Peripheral blood eosinophils and IL-4 in infancy in relation to the appearance of allergic disease during the first 6 years of life


Magnus P. Borres, Pharmacia Diagnostics, S-751 82 Uppsala, Sweden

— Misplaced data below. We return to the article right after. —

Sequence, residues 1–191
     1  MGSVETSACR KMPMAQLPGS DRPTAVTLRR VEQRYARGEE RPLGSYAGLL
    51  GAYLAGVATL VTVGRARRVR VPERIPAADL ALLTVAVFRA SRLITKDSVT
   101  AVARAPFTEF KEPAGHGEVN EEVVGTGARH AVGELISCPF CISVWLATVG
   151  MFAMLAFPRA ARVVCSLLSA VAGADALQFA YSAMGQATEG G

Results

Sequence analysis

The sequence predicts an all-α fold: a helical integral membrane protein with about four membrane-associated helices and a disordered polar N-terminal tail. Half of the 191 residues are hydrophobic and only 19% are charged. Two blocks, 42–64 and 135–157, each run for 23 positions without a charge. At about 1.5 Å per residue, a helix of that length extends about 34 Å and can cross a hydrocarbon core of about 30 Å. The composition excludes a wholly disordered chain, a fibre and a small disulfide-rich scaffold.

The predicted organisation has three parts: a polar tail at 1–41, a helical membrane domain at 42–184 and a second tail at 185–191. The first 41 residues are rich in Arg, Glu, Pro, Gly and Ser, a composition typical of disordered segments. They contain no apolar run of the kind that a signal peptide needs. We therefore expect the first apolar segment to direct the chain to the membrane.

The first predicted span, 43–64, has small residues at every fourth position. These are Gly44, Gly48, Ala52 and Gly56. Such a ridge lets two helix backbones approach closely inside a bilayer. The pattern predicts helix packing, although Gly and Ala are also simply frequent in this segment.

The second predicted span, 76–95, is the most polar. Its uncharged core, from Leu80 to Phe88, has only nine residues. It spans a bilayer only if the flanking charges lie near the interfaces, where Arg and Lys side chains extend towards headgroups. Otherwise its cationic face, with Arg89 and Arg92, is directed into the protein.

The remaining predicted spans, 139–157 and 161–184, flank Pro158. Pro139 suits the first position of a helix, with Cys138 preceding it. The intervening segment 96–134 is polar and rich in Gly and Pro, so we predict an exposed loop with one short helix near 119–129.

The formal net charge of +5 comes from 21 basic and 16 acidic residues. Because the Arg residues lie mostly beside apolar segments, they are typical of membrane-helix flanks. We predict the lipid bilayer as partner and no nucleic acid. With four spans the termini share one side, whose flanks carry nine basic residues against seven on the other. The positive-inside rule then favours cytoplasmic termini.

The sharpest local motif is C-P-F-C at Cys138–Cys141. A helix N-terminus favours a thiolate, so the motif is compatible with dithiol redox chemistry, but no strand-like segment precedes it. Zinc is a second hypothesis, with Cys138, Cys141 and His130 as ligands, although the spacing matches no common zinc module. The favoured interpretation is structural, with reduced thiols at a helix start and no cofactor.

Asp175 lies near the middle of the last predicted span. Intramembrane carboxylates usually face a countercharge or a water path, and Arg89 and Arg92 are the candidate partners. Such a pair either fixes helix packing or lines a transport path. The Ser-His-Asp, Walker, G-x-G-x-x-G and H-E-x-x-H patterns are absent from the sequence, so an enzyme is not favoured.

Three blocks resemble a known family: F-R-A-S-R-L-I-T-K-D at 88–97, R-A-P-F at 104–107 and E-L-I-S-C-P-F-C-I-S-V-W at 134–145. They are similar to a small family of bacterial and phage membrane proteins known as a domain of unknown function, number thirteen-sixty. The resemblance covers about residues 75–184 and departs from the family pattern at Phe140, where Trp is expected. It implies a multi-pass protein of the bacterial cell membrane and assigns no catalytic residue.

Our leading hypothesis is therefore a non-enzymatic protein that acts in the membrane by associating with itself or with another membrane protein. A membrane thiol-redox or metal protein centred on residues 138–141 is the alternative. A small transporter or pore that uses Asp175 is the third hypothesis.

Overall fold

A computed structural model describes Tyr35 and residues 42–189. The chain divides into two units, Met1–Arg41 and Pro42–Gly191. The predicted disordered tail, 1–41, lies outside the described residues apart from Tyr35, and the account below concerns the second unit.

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Eosinophils in peripheral blood and serum levels of interleukin (IL)-4 were analysed at 3 and 18 months and at 6 years in a prospective study comprising 67 children, of whom the majority had atopic heredity. The children were monitored from birth up to 6 years of age and the findings were related to family history of allergy and development of allergic disease. Twenty-nine children (43%) of the original group of 67 children were diagnosed as allergic at the age of six. Fifteen of 23 children with eosinophilia (>4 × 108 eosinophils/l) at 3 months of age were regarded as allergic at 6 years, when compared with 12 out of 38 children with normal eosinophil counts at 3 months (χ2 = 6.7, p < 0.01). Children with detectable IL-4 in serum at 18 months were more often allergic at 6 years, when compared with those children with no detectable IL-4 (χ2 = 8.6, p < 0.01). Furthermore, the allergic children had a mean IL-4 value of 0.35 μg/l (95% CI: 0.10–1.48) at 18 months, when compared with 0.17 μg/l (95% CI: 0.10–0.72, p < 0.001) in the non-allergic children. At 6 years of age, only nine children had detectable levels of IL-4 and five of them were classified as allergic. Eosinophilia at this age was also associated with allergic disease. We conclude that eosinophilia during infancy and increased levels of IL-4 at 18 month of age are associated with allergic disease during the first 6 years of life. This might indicate that the first 2 years of life are particularly important for the development of allergy.